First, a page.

This morning we went on a little hike to play gatherer: I love this part of France where I now live as we can just walk out the door and go pick up fruits and herbs in the wilderness. The most common one are herbs of course that you can find year-round: thyme, rosemary, savory, lavender.Blackberries have been filling our stomach for the past 2 month, I can’t wait for the Persimmons to be ripped in the next week or so, olives are starting to turn black and will be ready by early December.

What we found on our gathering hike today can only be picked once a year and is the berry of the Arbutus Unedo. What the hell is that? It’s also known as the Strawberry tree or Cane apple. It’s a small tree found in the Mediterranean region and oddly enough Ireland. It’s a small red skinned berry with orange insides. It’s best in jam or cooked as too much of its raw version is toxic. The roots, leaves and branches can be used on their own as medicines as they are anti-inflammatory and diuretic apprently. Anyway, you have wikipedia to help you out ont his part and to know more about the plant in general.

Arbutus Eonus

As we picked up 2 kilos  of berries, I decided to make some jam with it.


  • 2kg Arbutus
  • 1kg sugar
  • 200gr honey
  • 2 lemons


  1. Clean the arbutus. arbouse
  2. In a mixing ball, top off the arbutus with sugar, honey and lemon juice. Stir gently so all the berries get covered in sugar/honey/lemon and let marinate for 24 hours. pret à maçérer maçération terminée
  3. Transfer in a stew pan and cook for 45 minutes on medium heat. Stir regularly and keep an eye on it as it can turn into candy really fast. cooking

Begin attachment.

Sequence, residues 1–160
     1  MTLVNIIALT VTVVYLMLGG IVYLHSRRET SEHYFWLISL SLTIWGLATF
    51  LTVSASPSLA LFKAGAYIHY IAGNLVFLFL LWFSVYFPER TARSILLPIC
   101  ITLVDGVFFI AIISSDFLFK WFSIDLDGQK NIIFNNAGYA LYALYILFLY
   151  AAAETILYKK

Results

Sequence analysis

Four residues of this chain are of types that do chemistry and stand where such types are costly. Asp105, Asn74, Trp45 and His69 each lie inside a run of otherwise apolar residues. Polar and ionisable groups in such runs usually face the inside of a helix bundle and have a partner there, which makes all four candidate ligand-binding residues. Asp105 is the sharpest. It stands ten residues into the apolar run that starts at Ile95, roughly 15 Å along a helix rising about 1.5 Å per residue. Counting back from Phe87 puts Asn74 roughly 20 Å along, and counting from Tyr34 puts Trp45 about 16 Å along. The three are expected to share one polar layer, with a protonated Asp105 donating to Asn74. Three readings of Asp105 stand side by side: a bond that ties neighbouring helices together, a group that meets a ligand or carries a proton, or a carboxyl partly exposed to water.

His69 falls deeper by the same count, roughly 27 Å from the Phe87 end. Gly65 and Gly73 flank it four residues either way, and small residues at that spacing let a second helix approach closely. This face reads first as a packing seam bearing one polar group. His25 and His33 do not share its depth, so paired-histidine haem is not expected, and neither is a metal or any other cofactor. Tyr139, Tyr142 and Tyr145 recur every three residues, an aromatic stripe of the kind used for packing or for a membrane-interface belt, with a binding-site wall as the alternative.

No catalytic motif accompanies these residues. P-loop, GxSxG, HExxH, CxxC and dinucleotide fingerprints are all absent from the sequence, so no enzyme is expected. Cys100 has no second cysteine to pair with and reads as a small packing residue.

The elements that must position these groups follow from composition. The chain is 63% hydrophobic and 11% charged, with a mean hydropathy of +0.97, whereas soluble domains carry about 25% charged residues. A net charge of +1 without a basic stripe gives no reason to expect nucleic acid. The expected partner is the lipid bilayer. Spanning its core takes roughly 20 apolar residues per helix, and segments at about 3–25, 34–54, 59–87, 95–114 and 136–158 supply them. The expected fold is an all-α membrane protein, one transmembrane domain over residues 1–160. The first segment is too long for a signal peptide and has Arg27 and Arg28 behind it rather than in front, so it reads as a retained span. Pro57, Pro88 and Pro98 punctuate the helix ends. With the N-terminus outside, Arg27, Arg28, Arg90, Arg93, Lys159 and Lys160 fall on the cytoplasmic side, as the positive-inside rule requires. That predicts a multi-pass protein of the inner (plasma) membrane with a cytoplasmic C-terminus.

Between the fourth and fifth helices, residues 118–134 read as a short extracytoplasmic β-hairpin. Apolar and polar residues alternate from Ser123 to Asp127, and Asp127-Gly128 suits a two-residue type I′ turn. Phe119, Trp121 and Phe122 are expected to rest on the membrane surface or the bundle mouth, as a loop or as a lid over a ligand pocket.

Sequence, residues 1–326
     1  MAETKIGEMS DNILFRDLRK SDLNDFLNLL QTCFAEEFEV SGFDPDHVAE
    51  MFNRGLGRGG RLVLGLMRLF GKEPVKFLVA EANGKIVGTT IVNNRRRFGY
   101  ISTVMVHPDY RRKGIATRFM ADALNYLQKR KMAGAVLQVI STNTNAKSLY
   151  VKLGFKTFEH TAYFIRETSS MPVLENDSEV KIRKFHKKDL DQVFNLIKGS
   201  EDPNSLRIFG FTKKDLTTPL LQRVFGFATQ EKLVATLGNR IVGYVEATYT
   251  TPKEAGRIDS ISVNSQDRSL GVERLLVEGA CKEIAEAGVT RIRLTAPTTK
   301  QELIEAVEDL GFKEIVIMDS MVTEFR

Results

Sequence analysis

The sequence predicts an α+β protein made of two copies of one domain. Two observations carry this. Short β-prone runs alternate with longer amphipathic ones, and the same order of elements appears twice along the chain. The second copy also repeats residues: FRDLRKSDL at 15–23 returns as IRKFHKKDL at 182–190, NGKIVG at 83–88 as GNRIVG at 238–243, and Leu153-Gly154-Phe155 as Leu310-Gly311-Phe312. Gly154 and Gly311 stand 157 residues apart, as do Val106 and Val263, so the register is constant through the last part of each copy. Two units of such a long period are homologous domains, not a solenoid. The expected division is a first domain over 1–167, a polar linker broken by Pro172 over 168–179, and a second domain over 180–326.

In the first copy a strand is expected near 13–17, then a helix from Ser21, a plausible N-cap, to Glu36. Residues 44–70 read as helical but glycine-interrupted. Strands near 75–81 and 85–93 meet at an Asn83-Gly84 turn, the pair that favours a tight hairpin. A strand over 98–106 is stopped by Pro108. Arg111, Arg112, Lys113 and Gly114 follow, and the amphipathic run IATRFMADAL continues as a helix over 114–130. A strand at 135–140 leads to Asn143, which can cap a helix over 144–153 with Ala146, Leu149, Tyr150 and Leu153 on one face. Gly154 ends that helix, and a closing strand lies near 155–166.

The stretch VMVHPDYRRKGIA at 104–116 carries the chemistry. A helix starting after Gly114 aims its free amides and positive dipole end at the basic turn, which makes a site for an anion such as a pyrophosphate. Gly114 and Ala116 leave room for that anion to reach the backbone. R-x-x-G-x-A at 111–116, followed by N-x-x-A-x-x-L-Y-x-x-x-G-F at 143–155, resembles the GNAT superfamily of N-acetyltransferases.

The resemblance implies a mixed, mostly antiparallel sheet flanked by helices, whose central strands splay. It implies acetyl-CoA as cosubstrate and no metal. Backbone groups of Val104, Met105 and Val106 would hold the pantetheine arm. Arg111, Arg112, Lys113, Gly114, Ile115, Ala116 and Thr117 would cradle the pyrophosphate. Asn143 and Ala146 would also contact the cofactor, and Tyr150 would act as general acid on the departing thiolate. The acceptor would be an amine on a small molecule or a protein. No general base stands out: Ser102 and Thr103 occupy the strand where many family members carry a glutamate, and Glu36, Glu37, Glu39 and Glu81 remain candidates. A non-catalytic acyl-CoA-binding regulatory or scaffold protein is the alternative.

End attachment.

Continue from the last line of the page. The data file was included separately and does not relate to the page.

4. Sterilized your containers for the jam by pouring boiling water in them and on the cap.
  5. Once the jam have finished to cook, pour into the containers, close them and flip them over (so as much air as possible will be out) and wait until cold to store normally.

Confiture en pot

Onion marmalade

This is Matt’s recipe that I just cooked and I’ve transcribed it as thoroughly as possible as it is an eye-bowling-measurements type of recipe he gave me but I wanted proper measurements.

It’s delicious with cheese or cured ham or simply by itself on warm bread.


  • 10 red onions
  • 2 tbsp vegetable oil
  • 50 grams butter
  • 2 tbsp cumin
  • 2 tsp chili pepper flakes
  • 1/2 cup red wine
  • 1/2 cup balsamic vinegar


  1. Cut the onions in 2 and slice them thinly (3mm each)
  2. In a stew pan, melt the butter on high and add the oil. Pour in the onions. Whisk together so the onions get greasy.
  3. Cook for a couple of minutes, then add the cumin and chili pepper flakes. Stir well. image
  4. Stir often, until onions are thoroughly cooked. It should take two hours or so: the onions shouldn’t be crunchy anymore and reduced to 1/5 of the uncooked ones.
  5. Reduce heat to medium and add wine and vinegar. Keep on stirring regularly for another hour or until onions are caramelized. image
  6. Sterilized your countener for the marmalade by pouring boiling water in them and on the cap.
  7. Once the onions have finish to caramelized, pour into the containers, close them and flip them over (so as much air as possible will be out) and wait until cold to store normally.


Candied ginger

I snacks on those like crazy, so I decided to try and make some homemade ones.



  • 250 g of fresh ginger
  • 400 g sugar
  • 0.25 liter of water


  1. Peel the ginger root as thinly as possible. Cut into cubes or sticks then soak in cold water for 1 hour. Drain.
  2. Put the ginger in a cooking pan and cover with cold water. Bring to boil and boil for 5 minutes.
  3. Drain and repeat this process 2 to 4 times depending on whether you want your candied ginger strong or not so much.
  4. Bring the sugar and water to a boil for 5 minutes, then pour it over the ginger. Cover with a plate and let soak for 12 hours.
  5. Strain the syrup and boil it for 10 minutes then pour it over the ginger and let stand for 2 days as described above.
  6. Boil for 5 minutes, then let stand, covered, 2 to 3 days . The roots should then be tender , swollen and transparent. If not, cook for another 5-8 minutes.
  7. Finally put in sterilized jars.